South Korea's IPO market poised for record year on booming retail demand

SEOUL/HONG KONG (Reuters) – South Korea is set for the busiest year ever for new share sales as companies ranging from a digital bank, game developer to an electric car battery maker rush to take advantage of robust retail demand, bankers and analysts said.

FILE PHOTO: A currency dealer walks past electronic boards showing the Korea Composite Stock Price Index (KOSPI) and the exchange rate between the U.S. dollar and South Korean won at a dealing room of a bank, in Seoul, South Korea, November 5, 2020

Its IPO market could raise up to 20 trillion won ($18.40 billion), a record and about four times above 2020 levels, led by firms providing products that are more in demand from people stuck indoors due to the pandemic, analysts said.

Also, a move by the country’s financial regulator to increase the allocation of IPO shares to retail customers this year will drive up investment, they added.

The projection comes against a recent rally in the main KOSPI index to above 3,000 for the first time, with investors looking towards a broad recovery in exports beyond South Korea’s tech titans.

This is “shaping up to look like it could be a record year”, said David Chung, head of Korea investment banking at Goldman Sachs. “The majority of big mandates and IPO themes are around the technology sector.”

That includes companies that were offline but now, amid the health crisis, have built up a significant online presence, Chung added. “That is where the growth is.”

Deals in the pipeline include a potential 4.6 trillion won float from KakaoBank, which has benefited from an inflow of customers from South Korea’s dominant chat app operator Kakao Corp. Kakao has a 32% stake in KakaoBank.

KakaoBank has picked advisers but not decided when it will list, a spokesman said.

An estimated 9-trillion won share sale by Tesla supplier LG Chem’s electric car battery unit is also in the pipeline, according to an analyst.

The IPO size or timing has not been decided yet, an LG Energy Solution official said.

South Korean companies raised about 4.7 trillion won via initial public offerings in 2020, Korea Exchange data shows, surpassing the past two years, but behind an all-time high of about 10 trillion won reached in 2010.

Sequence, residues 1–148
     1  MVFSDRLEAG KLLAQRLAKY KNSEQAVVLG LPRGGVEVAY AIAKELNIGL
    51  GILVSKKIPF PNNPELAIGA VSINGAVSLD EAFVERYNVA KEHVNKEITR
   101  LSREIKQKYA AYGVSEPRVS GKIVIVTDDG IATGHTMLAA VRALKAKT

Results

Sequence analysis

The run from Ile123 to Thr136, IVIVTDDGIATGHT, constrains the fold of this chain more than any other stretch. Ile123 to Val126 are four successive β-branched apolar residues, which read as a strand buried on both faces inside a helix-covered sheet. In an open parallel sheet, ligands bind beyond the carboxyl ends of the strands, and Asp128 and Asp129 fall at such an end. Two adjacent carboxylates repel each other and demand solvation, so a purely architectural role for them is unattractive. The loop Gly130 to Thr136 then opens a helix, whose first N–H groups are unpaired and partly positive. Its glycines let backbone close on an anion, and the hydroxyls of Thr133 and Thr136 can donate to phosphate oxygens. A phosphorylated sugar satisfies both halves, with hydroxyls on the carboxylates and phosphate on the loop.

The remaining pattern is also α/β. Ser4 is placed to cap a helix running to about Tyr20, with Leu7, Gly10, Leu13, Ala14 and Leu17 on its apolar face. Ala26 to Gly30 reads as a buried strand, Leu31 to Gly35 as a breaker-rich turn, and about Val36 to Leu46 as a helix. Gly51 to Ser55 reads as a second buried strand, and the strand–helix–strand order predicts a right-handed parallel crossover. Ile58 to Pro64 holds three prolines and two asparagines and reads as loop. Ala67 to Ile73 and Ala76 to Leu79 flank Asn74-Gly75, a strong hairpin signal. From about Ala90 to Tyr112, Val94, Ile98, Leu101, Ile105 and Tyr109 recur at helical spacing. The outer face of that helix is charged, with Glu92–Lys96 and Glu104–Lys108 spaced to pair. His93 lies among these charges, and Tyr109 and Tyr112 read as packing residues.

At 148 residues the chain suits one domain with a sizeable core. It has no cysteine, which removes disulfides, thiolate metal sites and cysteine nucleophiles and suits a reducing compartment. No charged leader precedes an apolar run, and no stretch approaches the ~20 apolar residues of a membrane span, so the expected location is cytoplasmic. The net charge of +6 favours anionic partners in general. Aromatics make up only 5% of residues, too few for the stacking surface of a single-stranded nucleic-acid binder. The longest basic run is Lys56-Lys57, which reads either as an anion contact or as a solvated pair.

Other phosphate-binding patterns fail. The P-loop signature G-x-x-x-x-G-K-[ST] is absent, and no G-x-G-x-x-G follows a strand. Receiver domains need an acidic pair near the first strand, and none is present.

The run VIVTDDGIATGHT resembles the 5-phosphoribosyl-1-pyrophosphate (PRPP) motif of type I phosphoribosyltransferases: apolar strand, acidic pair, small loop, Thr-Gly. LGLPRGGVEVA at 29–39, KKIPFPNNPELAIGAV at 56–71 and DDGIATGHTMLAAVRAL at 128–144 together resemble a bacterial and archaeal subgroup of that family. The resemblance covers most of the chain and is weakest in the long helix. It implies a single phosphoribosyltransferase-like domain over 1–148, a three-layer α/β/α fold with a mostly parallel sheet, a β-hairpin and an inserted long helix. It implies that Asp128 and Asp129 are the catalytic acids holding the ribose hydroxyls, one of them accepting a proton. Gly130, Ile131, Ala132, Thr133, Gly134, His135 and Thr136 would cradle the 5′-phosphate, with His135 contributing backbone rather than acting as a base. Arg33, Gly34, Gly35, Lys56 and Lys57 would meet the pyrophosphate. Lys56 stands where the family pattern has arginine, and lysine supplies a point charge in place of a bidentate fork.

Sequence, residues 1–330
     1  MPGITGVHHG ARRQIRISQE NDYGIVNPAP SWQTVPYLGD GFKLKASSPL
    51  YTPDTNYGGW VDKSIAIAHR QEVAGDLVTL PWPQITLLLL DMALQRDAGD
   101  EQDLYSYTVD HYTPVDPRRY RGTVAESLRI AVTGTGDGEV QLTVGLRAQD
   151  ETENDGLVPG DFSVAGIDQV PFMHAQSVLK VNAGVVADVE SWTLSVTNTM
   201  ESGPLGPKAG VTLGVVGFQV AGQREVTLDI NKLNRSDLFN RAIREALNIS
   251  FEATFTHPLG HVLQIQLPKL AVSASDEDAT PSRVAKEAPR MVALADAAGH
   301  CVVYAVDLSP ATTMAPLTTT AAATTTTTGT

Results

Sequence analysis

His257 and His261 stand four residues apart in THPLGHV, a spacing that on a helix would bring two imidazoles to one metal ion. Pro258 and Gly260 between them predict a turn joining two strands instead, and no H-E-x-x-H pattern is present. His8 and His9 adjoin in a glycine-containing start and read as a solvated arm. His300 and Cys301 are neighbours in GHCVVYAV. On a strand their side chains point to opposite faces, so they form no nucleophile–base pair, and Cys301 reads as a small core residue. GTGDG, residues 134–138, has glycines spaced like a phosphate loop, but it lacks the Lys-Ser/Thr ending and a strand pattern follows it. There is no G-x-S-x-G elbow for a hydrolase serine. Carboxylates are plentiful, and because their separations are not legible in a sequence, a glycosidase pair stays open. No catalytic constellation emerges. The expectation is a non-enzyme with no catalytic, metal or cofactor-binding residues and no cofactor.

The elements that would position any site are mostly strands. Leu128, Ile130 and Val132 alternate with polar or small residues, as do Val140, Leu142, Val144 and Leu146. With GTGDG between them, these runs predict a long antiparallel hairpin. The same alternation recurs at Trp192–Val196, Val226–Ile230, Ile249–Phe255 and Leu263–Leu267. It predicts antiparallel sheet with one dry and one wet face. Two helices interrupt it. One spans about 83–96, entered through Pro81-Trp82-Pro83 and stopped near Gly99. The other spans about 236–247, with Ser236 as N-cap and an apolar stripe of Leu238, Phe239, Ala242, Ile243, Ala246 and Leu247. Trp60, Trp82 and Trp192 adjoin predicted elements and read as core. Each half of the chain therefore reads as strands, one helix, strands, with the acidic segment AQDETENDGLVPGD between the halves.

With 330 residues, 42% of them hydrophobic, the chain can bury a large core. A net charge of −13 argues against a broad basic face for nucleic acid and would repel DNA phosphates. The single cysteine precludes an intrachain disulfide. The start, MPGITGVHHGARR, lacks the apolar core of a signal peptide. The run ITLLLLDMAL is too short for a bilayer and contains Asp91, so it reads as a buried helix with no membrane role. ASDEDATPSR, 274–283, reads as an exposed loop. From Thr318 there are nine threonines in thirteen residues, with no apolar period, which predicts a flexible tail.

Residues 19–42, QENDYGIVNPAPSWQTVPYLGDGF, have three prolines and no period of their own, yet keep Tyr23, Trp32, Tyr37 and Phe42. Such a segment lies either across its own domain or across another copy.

EV battery maker SK Innovation’s chemical material unit SK IE Technology (SKIET) is also expected to make its market debut this year, bankers and analysts said.

SKIET said it plans to complete the IPO process within 2021.

Consumer demand for EVs has been relatively resilient, aided by tighter environment regulations and the launch of new models.

In South Korea, a “New Deal” economic initiative that pivots on digital innovation and eco-friendly growth is burnishing the appeal of EV-related stocks.

Gaming company Krafton and SK Bioscience are also looking to raise about 5 trillion won and 600 billion won, respectively, this year, Seoul-based SK Securities said.

In October, Krafton picked advisers for its IPO with plans to go public in 2021. A company spokeswoman said on Friday there were no further details to share at the moment.

SK Bioscience was not immediately available for comment.

Individual investors, who piled into the South Korean market last year, are trading at a pace not seen in years.

In 2020, the KOSPI clocked its biggest rise since 2009 as shares in companies like Samsung Electronics, the world’s biggest maker of memory chips, surged.

“The market right now is clearly attractive to retail investors and it will likely attract more of them as IPO shares allocation for retail investors has gone up to as much as 30% from 20%,” said Lee So-joong, an analyst with SK Securities.

($1 = 1,086.7300 won)

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